8. Oh too true and so scary in some ways. I can recall how it seemed like it took centuries to reach age 20 and now 20 years ago which doesn't seem all that long ago I was almost 40.
    When I was raising my kids I was so busy in their lives then all of a sudden they were all gone and leading lives on their own.
    Every day is a treasure, and we should enjoy life while its here. I never wish for a future day to hurry up and come because there is so much in the present to savor.

  9. Great post, Morgan. Sometimes we need a button to push to rush time but then when our time finally runs out, we're history so I don't know if that's a good thing or not.

  10. Loved the blog,Morgan. And yes, time does go by faster the older we get. Hmmm...I have never been able to figure that one out. Is it because we savor life more? To reach my goals, I always give myself a timetable. It works for me.

  11. I didn't have time to write a short letter, so I wrote a long one instead. ~Mark Twain

    Who among us can't claim that "time got away" from us when we're deep in our zone, rolling with a story or characters.

    Wh can't relate to the profound immediacy of "time is of the essence"?

    Time, indeed, waits for no man or woman.

    Well done, Morgan :^)

    And there is no way you are as old as you claim! Seriously!

  12. LOL, Morgan!! #3 is *definitely* true for me. The waiting (and waiting) on hearing back about a manuscript seems to take YEARS--even when it only takes months ;).

  13. Interesting post! I think I have less time to write since quitting the day job six years ago. Marketing, in all its many guises, consumes more time than anything.

  14. Morgan, You hit the nail o the head with this one! Well done.

  15. Great post, Morgan! And I find just about all of these to be true. I can especially relate to #7. And it's true. As a working girl I was always being asked to take on one more project--and I did, and got it done. Now retired with no fixed structure to my days, I find myself scrambling to get even the most mundane things finished. Weird how that happens.

  16. Great post Morgan, and so true.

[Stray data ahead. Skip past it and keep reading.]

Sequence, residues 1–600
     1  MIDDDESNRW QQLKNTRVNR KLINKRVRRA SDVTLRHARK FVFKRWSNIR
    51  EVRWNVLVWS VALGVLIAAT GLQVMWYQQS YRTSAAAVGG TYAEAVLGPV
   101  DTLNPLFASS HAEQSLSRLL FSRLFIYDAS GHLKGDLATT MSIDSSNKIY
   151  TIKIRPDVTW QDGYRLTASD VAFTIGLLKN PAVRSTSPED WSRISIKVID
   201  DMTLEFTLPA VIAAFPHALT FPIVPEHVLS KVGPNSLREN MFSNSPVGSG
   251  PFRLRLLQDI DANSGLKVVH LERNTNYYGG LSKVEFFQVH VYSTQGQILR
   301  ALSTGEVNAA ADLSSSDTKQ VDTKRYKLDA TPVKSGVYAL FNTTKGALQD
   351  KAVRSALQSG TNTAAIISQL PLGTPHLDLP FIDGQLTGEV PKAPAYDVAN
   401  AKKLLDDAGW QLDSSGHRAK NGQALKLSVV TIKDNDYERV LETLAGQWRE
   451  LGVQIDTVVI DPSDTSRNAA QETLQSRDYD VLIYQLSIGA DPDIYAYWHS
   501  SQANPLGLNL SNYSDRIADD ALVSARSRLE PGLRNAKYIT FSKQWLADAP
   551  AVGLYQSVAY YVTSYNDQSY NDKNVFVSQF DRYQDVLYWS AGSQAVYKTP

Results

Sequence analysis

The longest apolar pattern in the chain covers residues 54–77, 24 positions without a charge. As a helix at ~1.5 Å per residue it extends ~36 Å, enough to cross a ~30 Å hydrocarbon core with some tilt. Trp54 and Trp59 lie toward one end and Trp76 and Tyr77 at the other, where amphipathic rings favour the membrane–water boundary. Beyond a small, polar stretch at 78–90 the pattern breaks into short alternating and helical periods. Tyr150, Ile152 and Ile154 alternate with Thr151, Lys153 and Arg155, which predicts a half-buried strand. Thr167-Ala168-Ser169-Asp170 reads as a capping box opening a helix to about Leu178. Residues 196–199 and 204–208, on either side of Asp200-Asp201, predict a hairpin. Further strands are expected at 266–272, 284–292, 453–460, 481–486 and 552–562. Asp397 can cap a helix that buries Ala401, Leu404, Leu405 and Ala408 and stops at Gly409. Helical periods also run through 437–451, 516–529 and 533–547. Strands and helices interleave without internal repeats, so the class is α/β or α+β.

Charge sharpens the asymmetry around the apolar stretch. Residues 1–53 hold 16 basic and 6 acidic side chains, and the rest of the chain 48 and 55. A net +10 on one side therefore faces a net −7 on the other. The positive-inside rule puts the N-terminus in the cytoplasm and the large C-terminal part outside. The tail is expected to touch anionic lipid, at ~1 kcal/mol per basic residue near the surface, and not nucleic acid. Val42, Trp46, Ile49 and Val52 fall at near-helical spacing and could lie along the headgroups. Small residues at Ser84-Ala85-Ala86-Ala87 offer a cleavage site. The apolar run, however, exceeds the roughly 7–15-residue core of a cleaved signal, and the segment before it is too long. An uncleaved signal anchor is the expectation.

17. Nice post Morgan. Time certainly flies faster every year. As for #8, I didn't find it to be true for me, but when I quit my day job, I had a newborn and a toddler to take care of.

    Working from home doesn't necessarily help the situation either. There's always something else you can be doing other than writing--whether it's business or personal.

    Making the time to write is something I think many of us struggle with. I am constantly amazed by my clients and friends who keep writing every day, no matter what happens. One day that might be me, just not yet.


  18. Another great blog. Time really flies for me when I am reading a well written book. It is so aggravating to look at the clock and see that it is 3 or 4 hours past my bedtime and I don't want to put the book down.

    That is what I hope happens to readers when I finally finish my book. Thanks for all your tips.


  19. MORGAN--loved these, and they're all true. I understand them all. Another one--the distance to a destination is shorter then the distance back. This happens all the time when we must drive to North Texas to visit my mother in a nursing home--it's 240 miles. We drive up, visit an hour, drive back home. The drive back is soooo long. Celia


The Blood-Red Pencil is a blog focusing on editing and writing advice. Some of our contributors are editors, some are authors, and some are writing sheep. Yes, sheep.